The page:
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Utah landowners and tribes fight a plan to pump rural water to Cedar City

A man stands in front of his truck looking at a basin of water.
Kim Raff
/
Deep Indigo Collective
Mark Wintch, a fifth-generation Beaver County rancher in Utah's Wah Wah Valley, fears his ranch would be rendered inoperable if the Pine Valley Water Supply Project moves forward.

From one side of the city limits sign, a groundwater pipeline proposal in a sparsely populated Utah county looks like a crucial investment in economic expansion for a growing metropolis.

From the other, less crowded side of the road, the project appears to be a water grab that will turn rural areas into sacrifice zones for the sake of urban growth.

The proposal, called the Pine Valley Water Supply Project, would pump billions of gallons of water from rural Beaver County in western Utah and send it 70 miles southeast to Cedar City.

The city's need for water comes after years of overuse of the aquifers in Cedar Valley. Water from the aquifers is being overdrawn by an estimated 7,000 acre-feet of water per year, according to a hydrologic survey conducted by the local water district. Acre-feet of water refers to the number of acres of land that would be covered with one foot of water in a year.

To remedy this problem, Cedar City is looking to rural Utah for solutions.

The Central Iron County Water Conservancy District (CICWCD) has its eyes on two valleys in Beaver County: Pine Valley and its neighbor, Wah Wah Valley. The water district owns water rights in both valleys for 15,000 and 11,275 acre-feet of water, respectively.

In the project's first phase, 15 production wells 500 to 1,000 feet deep would be drilled in the south end of Pine Valley and the groundwater would be transported by a 70-mile long underground pipeline to Iron County, where Cedar City is located. The entire project would be powered by a solar field constructed in Pine Valley, where the CICWCD already owns land.

No proposal or permit applications to pump the 11,275 acre-feet of water in Wah Wah Valley have yet been submitted to the Bureau of Land Management, but the valley remains a central part of the CICWCD's future plans for pumping.

Opponents of the Pine Valley Water Supply Project say it will drain water from an area already facing historically dry conditions as climate change exacerbates drought in the West. Mark Wintch, a fifth-generation rancher who lives in Wah Wah Valley, fears his ranch would be rendered inoperable if the project were to go into effect.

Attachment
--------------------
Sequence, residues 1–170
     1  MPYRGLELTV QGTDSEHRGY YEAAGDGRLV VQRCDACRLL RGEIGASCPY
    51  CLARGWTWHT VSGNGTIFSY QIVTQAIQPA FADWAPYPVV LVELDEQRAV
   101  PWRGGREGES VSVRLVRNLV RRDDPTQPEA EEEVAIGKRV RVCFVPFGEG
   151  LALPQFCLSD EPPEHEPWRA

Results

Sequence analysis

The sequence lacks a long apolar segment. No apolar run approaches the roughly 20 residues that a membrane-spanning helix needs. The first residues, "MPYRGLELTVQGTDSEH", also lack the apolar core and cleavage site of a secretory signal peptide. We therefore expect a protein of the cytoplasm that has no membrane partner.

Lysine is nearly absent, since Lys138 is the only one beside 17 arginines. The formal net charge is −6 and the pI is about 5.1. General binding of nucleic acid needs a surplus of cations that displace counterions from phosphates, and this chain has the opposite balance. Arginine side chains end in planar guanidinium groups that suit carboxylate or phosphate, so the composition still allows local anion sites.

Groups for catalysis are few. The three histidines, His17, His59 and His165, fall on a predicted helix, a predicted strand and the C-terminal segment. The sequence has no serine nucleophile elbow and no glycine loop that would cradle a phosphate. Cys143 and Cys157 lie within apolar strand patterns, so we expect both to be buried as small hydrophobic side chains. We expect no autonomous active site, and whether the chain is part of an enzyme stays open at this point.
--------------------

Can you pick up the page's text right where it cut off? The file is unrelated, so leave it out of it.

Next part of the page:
"By [the CICWCD's] own admissions, they have estimated that there will be a 14 to 15% drawdown on my spring [from the Pine Valley project]," Wintch said. The spring is the sole source of water for Wintch's ranch, where he raises approximately 1,200 head of cattle. "If the spring's depleted, then I'll lose crops, I'll lose power, I'll lose everything, and that's just in the one single phase.

"For the Wah Wah phase, the Hamlin Valley phase - when they put those phases on then it may dry up my spring altogether," Wintch said.

Members of the Paiute Indian Tribe of Utah are also concerned about drying springs in their homeland.

The tribe's Indian Peaks Band had a reservation in Pine Valley until the 1950s, when President Eisenhower passed a law that terminated federal funding to Utah Paiute Indians. This dissolved the reservation of the Indian Peaks Band and reservations of the four other Paiute bands in the state. The Indian Peaks Band was relocated to Cedar City.

Funding to the Paiute Indian Tribe of Utah was eventually restored under the Nixon administration, but in the process of termination and restoration, the Indian Peaks Band lost approximately 10,000 acres of land in Beaver County to the state of Utah, according to vice-chair and chairperson of the Indian Peaks Band of the Paiute Indian Tribe of Utah, Tamra Borchardt-Slayton.

"The way reservations are first set up is that they're federal property set aside on behalf of a specific tribe, and water sources are also placed under that specific tribe or band," Borchardt-Slayton said. "When Indian Peak was sold, we still retained our mineral and our subsurface rights, including our water rights."

The water rights in the Pine Valley area, where Indian Peak - the Indian Peaks Band's namesake - is located, still belong to the band, according to Borchardt-Slayton. "That's where we enter the water fight," she said.

Members of the Indian Peaks Band are not the only ones concerned the Pine Valley Water Supply Project would infringe on tribal water rights. The Confederated Tribes of the Goshute Reservation have identified themselves as senior water rights holders in Beaver County, according to the Pine Valley project's draft environmental impact statement (DEIS).

The Cedar Band of the Utah Paiute Tribe fears the project could draw down water in the aquifer their reservation relies on. The path of the pipeline moves through archaeological sites of value to the Paiute Indian Tribe, which the Cedar and Kanosh Band also cited as a concern in the DEIS.